II. Appendix

Today's appendix (Appendix QB13) shows the amino acid atoms, and the spaces between them, of a list of human chromosomes, followed by several virus and/or microbe genomes.

The first twenty-four of them depict the smallest amino acid strings in a human chromosome, and the final ones depict the same thing (smallest "CDS" location) in one virus and three microbes. 

The structure is: 

('[one uppercase letter]':[a formula listing atomstheir quantity]), and the spaces between them ("~") ... Example: "('M':C5H11N1O2S1)~('A':C3H7N1O2)~ ..."

They epitomize the codon/amino acid/protein construct which "ribosome machines" process, as depicted in the second video below, and as described by this quote from that video:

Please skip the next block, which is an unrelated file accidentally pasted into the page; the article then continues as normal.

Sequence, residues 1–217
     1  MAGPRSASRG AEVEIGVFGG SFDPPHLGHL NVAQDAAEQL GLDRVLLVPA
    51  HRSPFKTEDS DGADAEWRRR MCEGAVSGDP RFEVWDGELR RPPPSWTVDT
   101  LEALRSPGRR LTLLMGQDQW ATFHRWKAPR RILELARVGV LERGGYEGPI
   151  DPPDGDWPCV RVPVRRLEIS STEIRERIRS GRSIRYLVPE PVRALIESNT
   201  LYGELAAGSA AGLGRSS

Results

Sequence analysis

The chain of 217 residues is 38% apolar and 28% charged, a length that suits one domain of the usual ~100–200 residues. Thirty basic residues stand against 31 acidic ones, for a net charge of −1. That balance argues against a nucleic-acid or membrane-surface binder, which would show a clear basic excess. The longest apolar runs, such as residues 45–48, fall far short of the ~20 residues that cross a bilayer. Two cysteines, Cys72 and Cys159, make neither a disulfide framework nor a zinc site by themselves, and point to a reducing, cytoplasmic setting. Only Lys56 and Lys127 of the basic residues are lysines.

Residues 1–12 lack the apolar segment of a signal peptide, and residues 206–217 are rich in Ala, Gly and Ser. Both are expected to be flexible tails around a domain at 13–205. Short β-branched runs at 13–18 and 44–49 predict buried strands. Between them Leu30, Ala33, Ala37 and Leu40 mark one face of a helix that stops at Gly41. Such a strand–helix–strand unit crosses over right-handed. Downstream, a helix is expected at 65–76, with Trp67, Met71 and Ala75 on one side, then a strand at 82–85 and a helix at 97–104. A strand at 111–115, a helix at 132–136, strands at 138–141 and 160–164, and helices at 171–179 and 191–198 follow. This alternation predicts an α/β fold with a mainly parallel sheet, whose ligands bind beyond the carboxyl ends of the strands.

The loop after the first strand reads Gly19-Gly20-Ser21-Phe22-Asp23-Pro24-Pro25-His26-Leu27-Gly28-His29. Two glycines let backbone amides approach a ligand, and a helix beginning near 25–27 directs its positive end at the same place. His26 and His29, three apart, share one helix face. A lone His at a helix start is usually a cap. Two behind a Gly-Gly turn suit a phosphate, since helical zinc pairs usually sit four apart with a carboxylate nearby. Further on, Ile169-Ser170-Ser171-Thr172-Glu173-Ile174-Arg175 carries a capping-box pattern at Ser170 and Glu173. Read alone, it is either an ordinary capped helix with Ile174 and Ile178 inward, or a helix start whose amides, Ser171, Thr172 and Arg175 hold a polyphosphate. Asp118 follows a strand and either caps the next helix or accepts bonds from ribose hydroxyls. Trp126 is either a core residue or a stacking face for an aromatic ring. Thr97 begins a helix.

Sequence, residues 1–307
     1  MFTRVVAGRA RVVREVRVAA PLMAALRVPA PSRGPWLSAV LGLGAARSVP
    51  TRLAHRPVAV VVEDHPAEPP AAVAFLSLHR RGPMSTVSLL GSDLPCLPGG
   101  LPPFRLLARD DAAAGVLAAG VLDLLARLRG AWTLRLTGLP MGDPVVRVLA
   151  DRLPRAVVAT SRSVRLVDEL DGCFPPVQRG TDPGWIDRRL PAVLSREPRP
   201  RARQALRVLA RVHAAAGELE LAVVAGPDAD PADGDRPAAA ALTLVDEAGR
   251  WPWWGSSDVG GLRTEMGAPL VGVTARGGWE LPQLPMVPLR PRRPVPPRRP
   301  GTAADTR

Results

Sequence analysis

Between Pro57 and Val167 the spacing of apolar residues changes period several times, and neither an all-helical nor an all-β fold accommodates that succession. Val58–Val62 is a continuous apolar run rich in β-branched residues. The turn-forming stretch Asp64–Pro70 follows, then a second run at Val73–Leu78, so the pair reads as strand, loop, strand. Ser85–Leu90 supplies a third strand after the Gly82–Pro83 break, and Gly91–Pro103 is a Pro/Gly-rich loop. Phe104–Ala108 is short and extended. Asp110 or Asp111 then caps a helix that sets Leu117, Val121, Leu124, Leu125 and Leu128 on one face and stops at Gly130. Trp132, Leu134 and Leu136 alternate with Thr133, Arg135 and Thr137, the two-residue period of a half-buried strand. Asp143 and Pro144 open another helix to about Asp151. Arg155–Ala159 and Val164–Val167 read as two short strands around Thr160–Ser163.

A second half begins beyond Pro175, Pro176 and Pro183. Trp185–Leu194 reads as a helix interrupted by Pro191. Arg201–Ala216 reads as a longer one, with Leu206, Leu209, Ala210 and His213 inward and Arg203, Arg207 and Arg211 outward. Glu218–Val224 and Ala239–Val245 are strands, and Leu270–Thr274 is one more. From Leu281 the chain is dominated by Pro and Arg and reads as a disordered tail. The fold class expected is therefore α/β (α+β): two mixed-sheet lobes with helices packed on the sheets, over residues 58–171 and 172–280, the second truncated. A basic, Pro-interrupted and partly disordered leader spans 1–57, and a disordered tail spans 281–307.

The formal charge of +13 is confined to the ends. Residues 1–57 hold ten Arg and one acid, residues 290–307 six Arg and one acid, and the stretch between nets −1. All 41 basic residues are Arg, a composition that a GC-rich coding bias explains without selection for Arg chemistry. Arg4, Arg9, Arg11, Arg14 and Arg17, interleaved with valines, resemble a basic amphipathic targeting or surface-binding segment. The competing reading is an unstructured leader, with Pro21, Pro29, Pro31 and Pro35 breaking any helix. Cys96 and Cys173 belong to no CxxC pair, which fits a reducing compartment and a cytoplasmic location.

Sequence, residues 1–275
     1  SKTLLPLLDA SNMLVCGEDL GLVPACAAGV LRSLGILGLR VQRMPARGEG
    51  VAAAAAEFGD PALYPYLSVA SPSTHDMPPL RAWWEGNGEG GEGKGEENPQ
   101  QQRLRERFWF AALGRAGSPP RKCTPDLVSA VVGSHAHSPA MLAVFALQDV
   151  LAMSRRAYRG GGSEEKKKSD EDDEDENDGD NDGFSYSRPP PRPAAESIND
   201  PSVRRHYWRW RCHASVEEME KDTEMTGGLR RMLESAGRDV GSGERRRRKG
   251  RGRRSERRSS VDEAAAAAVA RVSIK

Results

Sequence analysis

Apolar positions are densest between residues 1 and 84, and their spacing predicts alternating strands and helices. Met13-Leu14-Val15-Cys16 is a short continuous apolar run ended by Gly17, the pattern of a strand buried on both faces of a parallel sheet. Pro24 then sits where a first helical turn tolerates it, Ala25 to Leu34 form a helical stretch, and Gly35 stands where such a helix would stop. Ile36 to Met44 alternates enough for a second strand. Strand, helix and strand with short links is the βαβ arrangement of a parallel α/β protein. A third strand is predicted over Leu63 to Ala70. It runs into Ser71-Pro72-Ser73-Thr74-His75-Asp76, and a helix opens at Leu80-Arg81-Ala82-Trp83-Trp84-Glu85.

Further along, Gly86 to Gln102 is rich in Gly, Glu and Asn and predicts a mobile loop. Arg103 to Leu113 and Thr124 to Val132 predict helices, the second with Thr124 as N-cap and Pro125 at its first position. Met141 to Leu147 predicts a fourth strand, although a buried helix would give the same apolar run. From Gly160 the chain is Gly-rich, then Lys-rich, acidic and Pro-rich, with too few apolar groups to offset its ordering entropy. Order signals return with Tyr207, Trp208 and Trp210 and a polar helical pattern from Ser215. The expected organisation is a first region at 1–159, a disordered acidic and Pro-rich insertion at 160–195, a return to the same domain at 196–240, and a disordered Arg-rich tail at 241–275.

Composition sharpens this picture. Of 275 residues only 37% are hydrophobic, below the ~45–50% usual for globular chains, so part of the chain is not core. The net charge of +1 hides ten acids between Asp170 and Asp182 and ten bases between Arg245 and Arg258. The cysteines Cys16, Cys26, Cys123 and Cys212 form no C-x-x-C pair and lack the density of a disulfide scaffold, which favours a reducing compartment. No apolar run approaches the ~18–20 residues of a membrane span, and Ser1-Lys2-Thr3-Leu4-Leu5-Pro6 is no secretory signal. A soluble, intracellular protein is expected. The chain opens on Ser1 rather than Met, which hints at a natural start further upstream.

"These are tiny molecular machines, and they are doing this inside your body - right now. To understand why, we have to zoom out. Every day, in an adult human body, 50 to 70 billion of your cells die. Either they're stressed, or damaged, or just old. But this is normal - in fact, it's called "programmed cell death". But, to make up for all these lost cells, right now, billions of your cells are dividing, essentially creating new cells. And that process of cell division, also called mitosis -- well, it requires an army of tiny molecular machines. So, let's take a closer look. DNA is a good place to start - the double helix molecule we always talk about. This is a scientifically accurate depiction of DNA, created by Drew Berry at the Walter and Eliza Hall Institute of Medical Research. If you unwind the two strands, you can see that each has a sugar-phosphate backbone connected to the sequence of nucleic acid base pairs, known by the letters A, T, G and C. Now, the strands run in opposite directions, which is important when you go to copy DNA. Copying DNA is one of the first steps in cell division. Here, the two strands of DNA are being unwound and separated by the tiny blue molecular machine called "helicase". Helicase literally spins as fast as a jet engine! The strand of DNA on the right has its complementary strand assembled continuously. But the other strand is more complicated, because it runs in the opposite direction. So it must be looped out with its complementary strand assembled in reverse, section by section. At the end of this process, you have two identical DNA molecules, each one a few centimeters long, but just a couple nanometers wide. So, to prevent the DNA from becoming a tangled mess, it is wrapped around proteins called "histones", forming a nucleosome. These nucleosomes are bundled together into a fiber known as chromatin, which is further looped and coiled to form a chromosome, one of the largest molecular structures in your body. You can actually see chromosomes under a microscope in dividing cells. Only then do they take on their characteristic shape. Otherwise, the DNA is more strewn inside the nucleus. The process of dividing a cell takes around an hour in mammals, so this footage is from a time-lapse. You can see how the chromosomes line up on the equator of the cell. Now, when everything is right, they are pulled apart into the two new daughter cells, each one containing an identical copy of DNA. Now, simple as this looks, the process is incredibly complicated and requires even more fascinating molecular machines to accomplish it. So, let's look at a single chromosome. One chromosome consists of two sausage shaped chromatids, containing the identical copies of DNA made earlier. Each chromatid is attached to microtubule fibers, which guide and help align them in the correct position. The microtubules are connected to the chromatid at the kinetochore, here colored red. The kinetochore consists of hundreds of different proteins working together to achieve multiple objectives. In fact, it's one of the most sophisticated molecular mechanisms inside your body. The kinetochore is central to the successful separation of the chromatids. It creates a dynamic connection between the chromosome and the microtubules. For a reason no one's yet been able to figure out, the microtubules are constantly being built at one end and deconstructed at the other. While the chromosome is still getting ready, the kinetochore sends out a chemical "stop" signal to the rest of the cell, shown here by the red molecules, basically saying, "this chromosome is not yet ready to divide." The kinetochore also mechanically senses tension. When the tension is just right, and the position and attachment are correct, all the proteins get ready, shown here by turning green."